Assassin’s Creed: Rogue Preview: A Templar You Can Believe In
One of the biggest problems I had with Assassin’s Creed 3 was the way the game presented (or failed to present) the series’ ever-present evildoers, the Templars.
Assassin’s Creed 3 starts the player in the role not of the advertised protagonist, Connor, but as Haytham, another assassin who ventures to the New World. Except, as it turns out, Haytham isn’t an assassin at all, but a Templar. The game plays this as a big twist — you’ve been relating to the evil guy this whole time!
Letting players control Haytham and see some of his story was a missed opportunity. Assassin’s Creed 3 has a chance to humanize the Templars significantly, revealing that they’re not all necessarily power-hungry bastards, but, in fact, simply a faction with a philosophy and methods opposed to those of the Assassins. The game almost achieves a more nuanced look at the franchise’s bad guys, but in the end turns the primary antagonist, Charles Lee, into a sort of smirking racist who deserves to be chased down and murdered by the player.
With the upcoming Assassin’s Creed: Rogue, the publisher is again bringing players a look at the Templar Order from the inside. Rogue is the story of Shay Carmac, a former assassin who breaks with the group, joins the Templars, and turns into an assassin-hunter. Think of Shay as Darth Vader exterminating the Jedi after Revenge of the Sith and you might have a pretty good analogue.
At PAX Prime 2014, Producer Ivan Balabanov explained that one of the big thrusts of Rogue is presenting players with a deeper look at the other side of the Assassin/Templar conflict. Shay starts the game as a young, promising assassin, but through a traumatic event begins to question his loyalties to the Assassins and eventually makes the decision to turn to the other side.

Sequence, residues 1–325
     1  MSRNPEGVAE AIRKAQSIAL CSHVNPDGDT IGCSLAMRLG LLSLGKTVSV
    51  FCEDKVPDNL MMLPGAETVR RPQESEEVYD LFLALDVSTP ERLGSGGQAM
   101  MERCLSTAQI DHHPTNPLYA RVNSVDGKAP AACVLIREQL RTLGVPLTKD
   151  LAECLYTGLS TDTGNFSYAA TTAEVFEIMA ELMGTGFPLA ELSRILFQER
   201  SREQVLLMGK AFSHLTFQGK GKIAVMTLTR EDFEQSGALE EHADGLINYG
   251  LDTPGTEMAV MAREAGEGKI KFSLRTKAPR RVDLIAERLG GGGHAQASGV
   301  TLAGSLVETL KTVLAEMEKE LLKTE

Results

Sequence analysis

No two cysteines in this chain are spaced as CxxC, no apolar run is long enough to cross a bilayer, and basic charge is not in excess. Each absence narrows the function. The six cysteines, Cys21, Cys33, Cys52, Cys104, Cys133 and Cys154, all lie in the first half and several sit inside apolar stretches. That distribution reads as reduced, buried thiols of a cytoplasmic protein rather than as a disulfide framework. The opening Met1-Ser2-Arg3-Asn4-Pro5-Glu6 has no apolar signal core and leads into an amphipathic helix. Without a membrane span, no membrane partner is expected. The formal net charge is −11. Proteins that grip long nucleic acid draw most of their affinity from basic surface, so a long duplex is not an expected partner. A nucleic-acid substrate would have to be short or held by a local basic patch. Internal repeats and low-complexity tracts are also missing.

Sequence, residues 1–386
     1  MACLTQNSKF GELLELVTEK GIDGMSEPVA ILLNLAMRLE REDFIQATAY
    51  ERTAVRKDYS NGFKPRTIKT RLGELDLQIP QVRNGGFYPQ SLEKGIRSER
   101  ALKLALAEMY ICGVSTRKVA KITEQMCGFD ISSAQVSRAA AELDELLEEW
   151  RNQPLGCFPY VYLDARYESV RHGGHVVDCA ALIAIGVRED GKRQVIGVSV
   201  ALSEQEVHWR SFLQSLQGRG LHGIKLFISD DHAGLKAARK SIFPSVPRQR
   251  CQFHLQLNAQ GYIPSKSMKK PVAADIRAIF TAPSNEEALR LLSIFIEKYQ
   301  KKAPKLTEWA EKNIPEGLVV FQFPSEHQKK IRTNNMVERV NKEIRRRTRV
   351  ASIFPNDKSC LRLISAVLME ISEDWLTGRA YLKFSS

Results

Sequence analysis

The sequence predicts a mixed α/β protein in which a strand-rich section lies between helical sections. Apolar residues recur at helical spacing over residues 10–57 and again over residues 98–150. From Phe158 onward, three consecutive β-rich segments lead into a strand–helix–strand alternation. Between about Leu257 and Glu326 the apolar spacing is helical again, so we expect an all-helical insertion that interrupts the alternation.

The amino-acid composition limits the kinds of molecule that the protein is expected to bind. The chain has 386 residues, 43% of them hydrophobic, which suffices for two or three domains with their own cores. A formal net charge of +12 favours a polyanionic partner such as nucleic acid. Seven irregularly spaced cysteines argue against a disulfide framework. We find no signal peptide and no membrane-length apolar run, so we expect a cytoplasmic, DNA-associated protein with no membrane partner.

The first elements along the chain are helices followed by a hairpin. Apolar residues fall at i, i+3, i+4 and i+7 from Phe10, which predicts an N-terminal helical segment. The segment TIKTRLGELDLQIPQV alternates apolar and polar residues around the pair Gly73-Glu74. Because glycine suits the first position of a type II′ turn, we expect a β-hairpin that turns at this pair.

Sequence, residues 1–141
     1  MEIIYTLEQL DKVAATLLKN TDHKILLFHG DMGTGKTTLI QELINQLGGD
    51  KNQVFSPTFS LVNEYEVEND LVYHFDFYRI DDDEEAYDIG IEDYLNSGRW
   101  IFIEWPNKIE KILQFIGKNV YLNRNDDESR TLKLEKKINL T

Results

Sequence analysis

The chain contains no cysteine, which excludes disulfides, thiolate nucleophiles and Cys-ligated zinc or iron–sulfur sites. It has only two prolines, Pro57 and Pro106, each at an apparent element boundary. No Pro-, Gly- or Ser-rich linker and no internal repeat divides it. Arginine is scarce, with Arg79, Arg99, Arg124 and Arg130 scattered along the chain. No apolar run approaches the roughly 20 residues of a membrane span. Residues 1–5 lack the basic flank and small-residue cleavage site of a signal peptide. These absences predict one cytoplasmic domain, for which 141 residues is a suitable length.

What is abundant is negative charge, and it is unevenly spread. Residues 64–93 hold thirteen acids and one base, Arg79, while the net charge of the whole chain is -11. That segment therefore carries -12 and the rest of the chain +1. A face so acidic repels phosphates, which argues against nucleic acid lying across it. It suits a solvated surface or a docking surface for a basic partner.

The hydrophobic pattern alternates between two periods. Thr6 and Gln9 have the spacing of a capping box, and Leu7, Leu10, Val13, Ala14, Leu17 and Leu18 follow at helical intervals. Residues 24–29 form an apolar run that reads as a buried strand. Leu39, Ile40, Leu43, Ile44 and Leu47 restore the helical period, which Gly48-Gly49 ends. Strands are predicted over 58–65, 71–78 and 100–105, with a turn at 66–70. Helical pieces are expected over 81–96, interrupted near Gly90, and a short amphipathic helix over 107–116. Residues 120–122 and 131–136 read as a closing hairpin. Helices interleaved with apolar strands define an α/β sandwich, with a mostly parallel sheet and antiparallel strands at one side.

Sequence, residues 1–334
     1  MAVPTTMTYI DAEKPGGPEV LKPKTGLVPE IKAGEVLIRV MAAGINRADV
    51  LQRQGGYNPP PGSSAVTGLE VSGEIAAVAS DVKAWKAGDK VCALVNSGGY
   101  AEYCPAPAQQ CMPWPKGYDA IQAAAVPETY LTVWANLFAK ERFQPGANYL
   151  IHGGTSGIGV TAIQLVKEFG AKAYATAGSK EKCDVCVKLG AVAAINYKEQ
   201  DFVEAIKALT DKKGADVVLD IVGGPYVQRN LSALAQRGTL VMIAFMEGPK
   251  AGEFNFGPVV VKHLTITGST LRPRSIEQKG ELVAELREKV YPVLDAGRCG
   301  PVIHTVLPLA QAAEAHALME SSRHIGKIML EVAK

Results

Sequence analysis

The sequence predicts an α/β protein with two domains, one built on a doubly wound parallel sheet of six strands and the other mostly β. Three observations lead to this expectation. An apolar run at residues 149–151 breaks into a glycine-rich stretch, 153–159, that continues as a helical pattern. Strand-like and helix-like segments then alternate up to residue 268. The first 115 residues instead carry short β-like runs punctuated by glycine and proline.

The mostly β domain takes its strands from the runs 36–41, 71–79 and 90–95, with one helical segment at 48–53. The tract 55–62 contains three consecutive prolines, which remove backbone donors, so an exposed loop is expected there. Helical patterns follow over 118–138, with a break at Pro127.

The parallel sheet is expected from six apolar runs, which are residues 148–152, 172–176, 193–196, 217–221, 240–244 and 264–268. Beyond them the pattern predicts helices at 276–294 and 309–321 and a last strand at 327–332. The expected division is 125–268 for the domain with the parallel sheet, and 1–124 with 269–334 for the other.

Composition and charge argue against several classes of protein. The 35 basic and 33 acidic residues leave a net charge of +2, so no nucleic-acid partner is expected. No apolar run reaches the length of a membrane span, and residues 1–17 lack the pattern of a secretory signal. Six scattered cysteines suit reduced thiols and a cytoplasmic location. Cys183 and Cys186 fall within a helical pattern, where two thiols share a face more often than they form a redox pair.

“The Assassin’s Creed universe is not a black and white universe, it’s very much shades of gray.”
Exploring the motivations of the Templars, then, is a major push for Rogue, and is also a part of the upcoming new generation AC title, Assassin’s Creed Unity, Balabanov said.
“This is one of the major messages of Assassin’s Creed Rogue,” he said. “Even our colleagues from Assassin’s Creed Unity are making a similar statement. The Assassin’s Creed universe is not a black and white universe, it’s very much shades of gray. Both Templars and Assassins are struggling for something similar, which is essentially making sure that humanity lives in a peaceful environment, but they differ very much in what is this peaceful environment and also how to achieve this goal. In many ways, they are two sides of the same coin, and this is what we’re portraying very much in Rogue.”
Previous Assassin’s Creed games have included mentions of Templar motivations for their actions. In AC3, for example, Templars repeatedly tell Connor (as he kills them) that their apparently evil actions are actually harsh-looking maneuvers with ultimately noble goals, like the attempt to purchase the land where Connor’s Native American tribe lives in order to protect it from Colonial expansion during the American Revolution.